I lost it all. What now?

I lost it all. What now?
I lost it all. What now

Life gives but also takes away. And when what we've lost is a relationship or a loved one, we all know that the loss can lead to emotions such as anger and grief. But what if what you've lost is your health, your job, or a precious object?

Even if the thing you lost isn't a person, you can still experience feelings of bereavement and grief. You might notice symptoms such as mood swings, anxiety, depression, fatigue, a loss of interest in your usual activities, avoiding being with people, difficulty sleeping and changes in appetite.

Such a wave of emotions and physical symptoms can feel overwhelming. You might feel as if you've lost everything and your world is going to end. Bach Flower Mix 68 can help you deal with the shock of loss, soothing grief and reducing depression.

While it might not be easy to deal with loss, you can come through this. If you look back through your life, you'll probably realise that it's not the first time you've felt like this. You've done it before, and you can do it again.

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Why are you so upset that you feel you lost it all?

When we mourn for something we've lost, it's rarely the thing itself that we're grieving. It's what it represents to us.

If you lose the ring your grandma left you, you're not just losing a piece of jewellery; you're mourning a sense of connection and a feeling of being valued and trusted. If you're made redundant from a job you've held down for years, sure, you'll be missing your salary, but you may also be grieving for the feeling of being connected and belonging to a team, a loss of social status and a sense of self-worth.

Are you overreacting?

If you feel overpowering emotions when you've lost something, it can be down to repressed emotion and negative core beliefs.

Our core beliefs are the concepts about the world and ourselves that we develop as children. We can then be controlled by these assumptions as if they are facts, even though they may be distorted thinking.

For example, if we lose something valuable, we might say to ourselves, "I can't be trusted to look after things". And when loss triggers these negative core beliefs, years of repressed emotions can also be stirred up.

We suddenly feel overwhelmed by sadness or anger without realising what has triggered these intense feelings. So what can you do to feel better when it feels as if you've lost everything?

1. Be kind to yourself

It's absolutely normal to feel upset for weeks on end when you lose something important to you. So don't beat yourself up or tell yourself to grow up and stop being such a loser. Try to be kind and understanding to yourself as you would with a good friend. You wouldn't tell them to stop being such a drama llama when you know they're feeling very vulnerable.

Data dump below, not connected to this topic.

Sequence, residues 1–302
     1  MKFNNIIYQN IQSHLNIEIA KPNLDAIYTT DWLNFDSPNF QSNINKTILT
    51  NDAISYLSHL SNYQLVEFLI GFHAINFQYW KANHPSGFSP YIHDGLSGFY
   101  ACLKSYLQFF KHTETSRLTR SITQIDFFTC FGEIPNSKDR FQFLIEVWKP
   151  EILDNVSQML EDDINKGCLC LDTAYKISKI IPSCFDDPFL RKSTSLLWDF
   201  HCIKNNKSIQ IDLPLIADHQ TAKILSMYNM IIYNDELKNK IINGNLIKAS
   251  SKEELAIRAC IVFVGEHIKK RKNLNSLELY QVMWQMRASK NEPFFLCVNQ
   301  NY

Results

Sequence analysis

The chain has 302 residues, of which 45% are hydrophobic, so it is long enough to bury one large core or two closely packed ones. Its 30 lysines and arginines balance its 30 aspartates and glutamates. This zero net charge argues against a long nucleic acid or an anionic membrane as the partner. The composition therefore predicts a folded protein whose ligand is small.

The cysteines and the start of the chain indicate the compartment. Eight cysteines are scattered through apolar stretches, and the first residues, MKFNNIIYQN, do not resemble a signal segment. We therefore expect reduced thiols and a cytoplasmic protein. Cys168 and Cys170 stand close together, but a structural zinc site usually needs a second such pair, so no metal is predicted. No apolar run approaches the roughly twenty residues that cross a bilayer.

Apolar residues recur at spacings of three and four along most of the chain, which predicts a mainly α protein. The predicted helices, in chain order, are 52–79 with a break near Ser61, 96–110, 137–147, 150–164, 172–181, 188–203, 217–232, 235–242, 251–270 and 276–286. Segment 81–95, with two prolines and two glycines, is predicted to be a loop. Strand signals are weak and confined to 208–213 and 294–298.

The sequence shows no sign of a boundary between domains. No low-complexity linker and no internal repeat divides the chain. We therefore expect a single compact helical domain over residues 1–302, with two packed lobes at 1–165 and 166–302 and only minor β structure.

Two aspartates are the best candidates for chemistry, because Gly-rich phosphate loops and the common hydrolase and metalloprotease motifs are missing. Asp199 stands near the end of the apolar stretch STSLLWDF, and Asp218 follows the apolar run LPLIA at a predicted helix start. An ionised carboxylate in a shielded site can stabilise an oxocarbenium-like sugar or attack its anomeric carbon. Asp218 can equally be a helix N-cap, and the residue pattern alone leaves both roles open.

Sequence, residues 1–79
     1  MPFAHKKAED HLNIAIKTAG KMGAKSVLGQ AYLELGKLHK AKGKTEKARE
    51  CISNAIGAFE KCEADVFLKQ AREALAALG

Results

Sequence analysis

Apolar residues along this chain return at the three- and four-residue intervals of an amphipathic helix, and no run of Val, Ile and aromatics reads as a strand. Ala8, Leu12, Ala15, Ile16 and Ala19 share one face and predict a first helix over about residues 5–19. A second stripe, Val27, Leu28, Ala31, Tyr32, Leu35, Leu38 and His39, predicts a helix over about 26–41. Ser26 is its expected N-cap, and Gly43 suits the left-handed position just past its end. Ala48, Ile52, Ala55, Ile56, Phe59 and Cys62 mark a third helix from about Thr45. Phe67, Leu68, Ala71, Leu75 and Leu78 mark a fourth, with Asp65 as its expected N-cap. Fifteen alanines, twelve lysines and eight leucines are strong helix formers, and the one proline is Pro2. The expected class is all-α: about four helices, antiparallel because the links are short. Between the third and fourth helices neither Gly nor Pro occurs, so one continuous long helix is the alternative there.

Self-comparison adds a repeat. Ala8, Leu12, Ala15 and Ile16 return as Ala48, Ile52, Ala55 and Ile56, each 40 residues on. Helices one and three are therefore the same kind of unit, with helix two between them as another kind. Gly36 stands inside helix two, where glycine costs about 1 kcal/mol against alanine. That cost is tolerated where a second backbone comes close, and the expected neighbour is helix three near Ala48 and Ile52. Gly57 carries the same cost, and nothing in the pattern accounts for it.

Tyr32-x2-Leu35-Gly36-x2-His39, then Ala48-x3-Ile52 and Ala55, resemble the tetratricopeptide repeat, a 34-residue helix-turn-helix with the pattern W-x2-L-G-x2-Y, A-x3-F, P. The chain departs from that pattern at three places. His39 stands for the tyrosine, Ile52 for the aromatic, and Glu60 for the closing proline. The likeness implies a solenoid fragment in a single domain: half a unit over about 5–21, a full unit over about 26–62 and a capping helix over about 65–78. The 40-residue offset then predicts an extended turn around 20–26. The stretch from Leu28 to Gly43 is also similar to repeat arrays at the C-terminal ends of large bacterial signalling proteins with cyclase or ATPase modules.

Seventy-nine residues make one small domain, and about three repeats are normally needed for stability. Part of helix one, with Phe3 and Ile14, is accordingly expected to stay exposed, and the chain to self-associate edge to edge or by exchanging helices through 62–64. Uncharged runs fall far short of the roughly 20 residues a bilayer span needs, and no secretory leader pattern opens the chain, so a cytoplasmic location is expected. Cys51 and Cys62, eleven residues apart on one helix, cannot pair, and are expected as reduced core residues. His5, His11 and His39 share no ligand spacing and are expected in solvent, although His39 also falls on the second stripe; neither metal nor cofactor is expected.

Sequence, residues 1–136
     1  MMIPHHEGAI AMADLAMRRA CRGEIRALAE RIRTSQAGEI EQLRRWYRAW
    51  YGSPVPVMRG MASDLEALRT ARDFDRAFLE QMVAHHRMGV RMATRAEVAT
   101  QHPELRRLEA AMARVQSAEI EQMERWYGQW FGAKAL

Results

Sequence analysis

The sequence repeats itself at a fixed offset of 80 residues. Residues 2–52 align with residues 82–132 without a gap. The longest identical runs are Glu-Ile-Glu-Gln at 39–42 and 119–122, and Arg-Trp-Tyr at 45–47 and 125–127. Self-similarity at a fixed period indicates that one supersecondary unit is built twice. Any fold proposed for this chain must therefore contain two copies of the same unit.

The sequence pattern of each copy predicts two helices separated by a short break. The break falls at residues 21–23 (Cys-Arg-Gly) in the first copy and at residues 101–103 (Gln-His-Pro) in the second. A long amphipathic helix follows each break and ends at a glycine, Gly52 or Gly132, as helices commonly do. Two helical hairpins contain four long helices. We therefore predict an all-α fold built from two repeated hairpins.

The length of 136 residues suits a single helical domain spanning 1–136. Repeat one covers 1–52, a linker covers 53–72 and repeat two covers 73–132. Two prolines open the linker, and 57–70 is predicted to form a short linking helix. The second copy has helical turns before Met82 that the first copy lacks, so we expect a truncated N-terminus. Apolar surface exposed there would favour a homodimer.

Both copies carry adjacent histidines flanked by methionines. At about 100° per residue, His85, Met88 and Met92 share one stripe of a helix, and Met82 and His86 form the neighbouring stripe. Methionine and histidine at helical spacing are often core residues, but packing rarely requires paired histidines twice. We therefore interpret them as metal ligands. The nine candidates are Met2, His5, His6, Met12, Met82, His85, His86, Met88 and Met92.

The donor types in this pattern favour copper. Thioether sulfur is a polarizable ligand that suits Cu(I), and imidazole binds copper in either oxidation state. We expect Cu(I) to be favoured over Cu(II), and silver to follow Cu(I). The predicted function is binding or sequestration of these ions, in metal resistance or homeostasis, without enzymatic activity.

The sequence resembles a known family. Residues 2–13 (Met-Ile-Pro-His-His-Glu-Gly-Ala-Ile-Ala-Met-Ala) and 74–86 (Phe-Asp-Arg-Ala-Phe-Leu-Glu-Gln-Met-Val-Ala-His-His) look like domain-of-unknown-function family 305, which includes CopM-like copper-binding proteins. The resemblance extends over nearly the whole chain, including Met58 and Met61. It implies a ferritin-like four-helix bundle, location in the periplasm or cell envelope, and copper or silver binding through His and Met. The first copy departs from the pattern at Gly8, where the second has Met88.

2. Take the time you need to grieve

Think of it as mourning. There's no set timeline. Everyone will take different amounts of time to grieve. And when you're ready, you will move on.

3. Dig down to the real issues

It can be easier to get over intense feelings of loss if you can work out what's really going on and what losing something has triggered for you. Talking to friends you trust can be great, as can keeping a journal of your thoughts and feelings.

Reflect on how the loss has made you feel and how your life is different now. And try to work out what it is that you've really lost, beneath the obvious. Now ask yourself what goals you can set so you can regain that feeling of connection/trust/self-belief.

Can you think back to an earlier time when it felt as if your world was ending? It might have felt as if you'd never get through it. But you did. And you'll get through this loss as well.

Are things as bad as you think?

Maybe it feels that it's different or worse this time around. So try to imagine what life might be like for you in two years, five years or even ten years down the line. Now ask yourself whether things will still seem as bad in the future as you think they are now.

Try looking at this loss from a different perspective and see if there's something you can learn from it. The knowledge you've acquired from this experience will make you stronger and more resilient, and you'll find you'll be able to cope with whatever life has in store.


Sources:

https://www.youngminds.org.uk/young-person/my-feelings/grief-and-loss/

https://www.helpguide.org/articles/grief/coping-with-grief-and-loss.htm


Marie Pure

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